(CN) – A lesbian couple in West Virginia is entitled to an order preventing the removal of one of their foster children to a “traditional” home, the West Virginia Supreme Court ruled. The child “has formed a close emotional bond and nurturing relationship with her foster parents, which cannot be trivialized or ignored,” the court wrote.
Kathryn Kutil and Cheryl Hess cared for Baby Girl C, but the trial court ordered that the child be transferred to a home with a father and a mother.
The couple also take care of other foster children, and they accepted the baby in late 2007 after she was born with cocaine and oxycodone in her bloodstream.
One month later, the guardian ad litem filed a motion to remove the baby from the “homosexual environment,” calling it “detrimental to the child’s overall welfare and well-being.”
The West Virginia Department of Health and Human Resources added that the Kutil-Hess house had seven children in it, which exceeded the state limit on five unrelated children.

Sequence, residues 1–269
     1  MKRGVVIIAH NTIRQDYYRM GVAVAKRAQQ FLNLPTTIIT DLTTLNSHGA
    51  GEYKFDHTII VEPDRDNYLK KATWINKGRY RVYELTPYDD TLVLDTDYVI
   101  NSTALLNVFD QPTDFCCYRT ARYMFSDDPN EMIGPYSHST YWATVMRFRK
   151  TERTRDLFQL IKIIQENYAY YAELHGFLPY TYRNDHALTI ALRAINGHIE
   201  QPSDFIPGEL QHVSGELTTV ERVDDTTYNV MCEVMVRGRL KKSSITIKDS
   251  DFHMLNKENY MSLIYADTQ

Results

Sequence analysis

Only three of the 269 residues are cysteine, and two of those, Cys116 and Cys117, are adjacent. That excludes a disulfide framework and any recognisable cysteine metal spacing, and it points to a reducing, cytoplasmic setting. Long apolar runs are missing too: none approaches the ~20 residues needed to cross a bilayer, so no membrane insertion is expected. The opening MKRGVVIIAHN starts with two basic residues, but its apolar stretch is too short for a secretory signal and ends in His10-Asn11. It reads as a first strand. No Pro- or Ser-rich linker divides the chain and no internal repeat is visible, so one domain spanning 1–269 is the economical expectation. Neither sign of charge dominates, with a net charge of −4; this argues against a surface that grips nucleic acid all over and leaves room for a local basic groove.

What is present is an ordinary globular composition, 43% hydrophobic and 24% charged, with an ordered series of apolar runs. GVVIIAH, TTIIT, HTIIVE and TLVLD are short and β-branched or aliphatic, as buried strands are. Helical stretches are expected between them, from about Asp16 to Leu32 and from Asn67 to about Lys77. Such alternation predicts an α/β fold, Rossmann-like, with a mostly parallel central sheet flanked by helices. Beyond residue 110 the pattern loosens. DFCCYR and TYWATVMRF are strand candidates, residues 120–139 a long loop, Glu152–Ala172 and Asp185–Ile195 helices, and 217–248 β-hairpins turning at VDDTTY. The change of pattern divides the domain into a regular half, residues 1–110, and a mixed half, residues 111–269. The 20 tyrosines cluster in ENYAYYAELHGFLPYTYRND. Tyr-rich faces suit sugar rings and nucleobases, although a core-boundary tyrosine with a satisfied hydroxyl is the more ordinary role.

In their per-curiam decision, the justices noted that the department caused that problem and “ignored any consideration of the impact relocation would have on Baby Girl C’s emotional, physical, and mental development.”
The court noted that one of the petitioners had adopted a child and wanted to do the same with Baby Girl C.
“Clearly, that petitioner should not be excluded from consideration for the reason stated by respondent,” the justices wrote. “Baby Girl C has formed a close emotional bond and nurturing relationship with her foster parents, which cannot be trivialized or ignored.”